Futura Font Family Now Available via Fonts.com Web Fonts

Allan Haley

Allan Haley in Archive on November 3, 2010

A Modern Classic Makes it to the Web

The Futura® typeface family was designed over 80 years ago as fonts of metal type. It was made available for phototypesetting equipment about 40 years ago, and as digital fonts a little over 20 years ago. Today, this important design has made yet another technological leap and is available via Fonts.com Web Fonts.

Many assume that Futura was developed at the Bauhaus and is the embodiment of that school’s teaching. The reality is, however, that Paul Renner, Futura’s originator, had no Bauhaus affiliation. Futura, in many ways, even runs counter to Bauhaus teaching, and was rarely used by Bauhaus designers.

As first drawn, Futura clearly embodied the ideologies of the Bauhaus movement. While the capital letters were patterned after Roman character shapes and proportions, its lowercase was a design experiment that took the “form follows function” philosophy to extremes. Many characters were constructed out of literal geometric and minimalist shapes. The end result was a set of glyphs that may have reflected Bauhaus teaching, but were typographically virtually useless.

Renner submitted his new design to the Bauer Typefoundry of Frankfurt, which accepted the work – with the stipulation that its staff designers could make a “few” modifications to the typeface. Bauer’s designers left Renner’s caps pretty much untouched, but felt obliged to spend considerable time on the lowercase. Here, they did an exemplary job of melding Renner’s philosophy with proven typeface design precepts. The end result was an immediate and overwhelming success in Germany. It wasn’t until after World War II, however, that Futura was introduced into the United Kingdom and the United States.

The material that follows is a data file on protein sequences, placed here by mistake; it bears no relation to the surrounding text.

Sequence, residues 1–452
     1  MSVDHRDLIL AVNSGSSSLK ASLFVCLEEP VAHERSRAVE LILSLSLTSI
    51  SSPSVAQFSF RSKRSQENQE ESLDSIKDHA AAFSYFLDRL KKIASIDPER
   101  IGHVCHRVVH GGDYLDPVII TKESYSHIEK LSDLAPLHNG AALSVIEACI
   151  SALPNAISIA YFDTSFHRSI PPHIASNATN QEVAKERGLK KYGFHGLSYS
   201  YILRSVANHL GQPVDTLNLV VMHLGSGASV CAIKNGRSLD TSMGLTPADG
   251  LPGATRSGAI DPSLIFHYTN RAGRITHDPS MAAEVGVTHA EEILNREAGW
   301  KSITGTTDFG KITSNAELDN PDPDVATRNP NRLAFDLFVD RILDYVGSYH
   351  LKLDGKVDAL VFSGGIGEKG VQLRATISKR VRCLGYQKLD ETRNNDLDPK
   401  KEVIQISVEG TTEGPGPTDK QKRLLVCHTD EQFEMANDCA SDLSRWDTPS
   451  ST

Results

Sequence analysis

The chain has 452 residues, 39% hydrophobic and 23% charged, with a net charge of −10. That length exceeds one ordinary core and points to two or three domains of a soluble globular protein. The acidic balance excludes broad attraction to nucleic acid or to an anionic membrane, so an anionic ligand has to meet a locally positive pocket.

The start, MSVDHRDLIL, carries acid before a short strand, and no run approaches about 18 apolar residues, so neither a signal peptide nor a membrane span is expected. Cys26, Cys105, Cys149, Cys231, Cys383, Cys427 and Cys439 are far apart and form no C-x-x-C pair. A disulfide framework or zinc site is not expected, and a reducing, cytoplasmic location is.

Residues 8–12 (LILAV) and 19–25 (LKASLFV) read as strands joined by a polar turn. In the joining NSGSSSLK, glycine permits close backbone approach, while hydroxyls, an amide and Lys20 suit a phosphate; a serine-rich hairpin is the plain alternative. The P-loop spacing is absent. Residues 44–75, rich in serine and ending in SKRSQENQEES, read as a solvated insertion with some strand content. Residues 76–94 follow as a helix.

While Futura appears to be constructed out of strict geometric shapes, it is not. First, as monotone as they may appear, the stroke weights of the design do vary. The most obvious place is where curved strokes join a stem. Here, the strokes are tapered so that the intersection does not look too heavy. Diagonals are lighter in weight that vertical strokes, and horizontal strokes are lighter still. In addition, the inside diagonals of the ‘W’ are lighter than the outside diagonals. If you look very carefully you will also discover that the top and bottom parts of the ‘O’ are lighter than the sides – and that the top is just a bit lighter than the bottom.

In addition, characters like the ‘G,’ ‘H,’ ‘R’ and ‘P,’ which you might expect to be horizontally symmetrical, are actually somewhat high waisted.

Whether a “true” geometric design, or not, the Futura typeface family has proved itself a valuable typographic contributor for the better part of a century. And now, 45 fonts of Futura are available for Web font implementation.

Allan Haley
Allan Haley is Director of Words & Letters at Monotype Imaging. Here he is responsible for strategic planning and creative implementation of just about everything related to typeface designs.

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